April 14, 2016

How to Glue the Nosecone to the Transaxle







March 4, 2016

How Works the Front Part of a VW Bus Transaxle, Abridged

To recap: one day late last Summer Ludwig wouldn't come out of first gear. The video below, much moreso than the picture at the relevant post, clearly shows both the proximate and ultimate causes for such.
Thanks to Jeremy for the video

After discussing the situation with a local machinist, he installed thread inserts in both of the bracket's mounting holes (it's obvious from the video that the upper one was shot, but the lower one was about to give way as well). Those little tangs you see down in the holes, those tangs are part of the insert and are normally removed after you insert the insert--by knocking them off with a screwdriver. We'd rather not knock two little chunks of steel into Ludwig's gear carrier with a screwdriver, so the tangs will stay where they are. At Amskeptic's advice, the bolts were quadruple-checked against contacting them.

There're the new bolts, mightily (knock on wood) holding that bracket to the body of the transaxle.

Up is right. The abovementioned bracket holds that shaft in place. The gear selector fork rides up and down the shaft (keep your dirty remarks to yourself). The fork itself is linked by an unshown mechanism to the shifter in the cockpit; the driver shifting up there makes the fork move back here. The tabs on the fork push in or pull out those shafts marked 1/2, R, and 3/4, putting the transaxle in gear.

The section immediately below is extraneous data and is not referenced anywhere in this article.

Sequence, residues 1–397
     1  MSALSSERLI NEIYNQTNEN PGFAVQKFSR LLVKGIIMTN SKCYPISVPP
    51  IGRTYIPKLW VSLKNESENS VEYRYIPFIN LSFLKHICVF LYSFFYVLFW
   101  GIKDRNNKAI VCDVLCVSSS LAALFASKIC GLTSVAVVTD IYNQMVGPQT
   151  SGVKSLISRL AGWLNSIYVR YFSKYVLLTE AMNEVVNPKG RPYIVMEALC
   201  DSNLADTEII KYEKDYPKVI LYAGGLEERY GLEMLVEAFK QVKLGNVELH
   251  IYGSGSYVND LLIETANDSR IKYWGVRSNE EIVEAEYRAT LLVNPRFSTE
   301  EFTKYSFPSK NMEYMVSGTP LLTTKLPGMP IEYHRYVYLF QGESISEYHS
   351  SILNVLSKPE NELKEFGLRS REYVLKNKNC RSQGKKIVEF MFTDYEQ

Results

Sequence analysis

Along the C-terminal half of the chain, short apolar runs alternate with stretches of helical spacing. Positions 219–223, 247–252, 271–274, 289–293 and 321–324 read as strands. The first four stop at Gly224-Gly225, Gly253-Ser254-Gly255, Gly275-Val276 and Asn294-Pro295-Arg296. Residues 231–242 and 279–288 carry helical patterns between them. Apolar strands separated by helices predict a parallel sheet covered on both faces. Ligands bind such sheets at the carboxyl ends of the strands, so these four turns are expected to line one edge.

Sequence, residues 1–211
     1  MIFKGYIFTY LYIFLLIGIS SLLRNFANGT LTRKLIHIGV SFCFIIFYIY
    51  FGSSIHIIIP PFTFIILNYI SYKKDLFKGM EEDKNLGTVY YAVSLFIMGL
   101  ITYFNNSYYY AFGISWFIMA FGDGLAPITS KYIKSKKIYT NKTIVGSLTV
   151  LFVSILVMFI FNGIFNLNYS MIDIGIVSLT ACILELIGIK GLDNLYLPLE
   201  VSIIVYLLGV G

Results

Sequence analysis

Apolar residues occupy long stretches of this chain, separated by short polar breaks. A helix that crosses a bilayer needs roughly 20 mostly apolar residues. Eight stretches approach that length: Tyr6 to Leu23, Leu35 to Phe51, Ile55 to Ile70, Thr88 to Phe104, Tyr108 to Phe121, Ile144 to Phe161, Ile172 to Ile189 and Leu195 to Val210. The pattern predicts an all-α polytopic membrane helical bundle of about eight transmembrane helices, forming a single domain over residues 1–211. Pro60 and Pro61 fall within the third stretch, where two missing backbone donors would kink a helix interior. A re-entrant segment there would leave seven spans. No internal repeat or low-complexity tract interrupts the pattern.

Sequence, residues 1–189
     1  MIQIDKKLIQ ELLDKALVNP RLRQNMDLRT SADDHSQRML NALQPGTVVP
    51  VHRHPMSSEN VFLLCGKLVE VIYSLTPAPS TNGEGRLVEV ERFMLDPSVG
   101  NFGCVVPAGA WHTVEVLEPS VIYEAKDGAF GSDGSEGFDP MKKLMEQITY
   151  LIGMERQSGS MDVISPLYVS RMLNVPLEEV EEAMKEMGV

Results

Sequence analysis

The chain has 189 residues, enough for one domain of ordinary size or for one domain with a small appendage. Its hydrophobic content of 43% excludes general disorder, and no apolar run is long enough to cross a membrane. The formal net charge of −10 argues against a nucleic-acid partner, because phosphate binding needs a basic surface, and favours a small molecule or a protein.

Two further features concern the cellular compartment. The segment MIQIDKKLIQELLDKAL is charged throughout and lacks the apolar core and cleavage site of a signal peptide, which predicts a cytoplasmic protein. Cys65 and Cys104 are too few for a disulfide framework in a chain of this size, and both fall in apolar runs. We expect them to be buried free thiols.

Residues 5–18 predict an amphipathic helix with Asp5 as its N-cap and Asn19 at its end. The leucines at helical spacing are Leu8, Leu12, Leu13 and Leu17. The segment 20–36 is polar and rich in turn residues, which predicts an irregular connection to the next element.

This transaxle is in neutral, but if the fork pushes in the 1/2 shaft from this position, it'll be in 1st gear. If the fork pulls the 1/2 shaft out, 2nd.

Still in neutral but in position to select 3rd (in) or 4th (out).

Finally, ready to select reverse (out, I think).

Brief pondering helps one realize that for proper operation, the fork's movement must be restricted to movement up and down the shaft, and twisting about the shaft (that's what she said (sorry)). If the shaft isn't held in place by its bracket--owing to the bracket's mounting bolts being stripped out and free to move (see: the video above)--then the driver's moving the shifter up front moves the fork in all kinds of wacky directions, none with the force to put the transaxle in to, or out of, any gear other than the one it was in when the failure occurred.

The next step is to clean the surfaces and glue the nosecone on.

March 3, 2016

Drive On, Don't Mean Nothin'

This tan Westy sailed down and Eastbound past us on I-90, a little ways Atlanticward on Homestake Pass, a couple years ago. Ludwig was disabled in the uphill, Westbound lane. The operator didn't notice us, as far as I could tell (no wave, honk, etc.). It had New Mexico tags.

January 26, 2016

Key



December 28, 2015

Windy City ACVWs

This '77 Riviera was sitting on 6th Street this morning, within sight of two other air-cooleds, a '71 (the blue one here) and an early Vanagon. One wonders what that jug of antifreeze is for.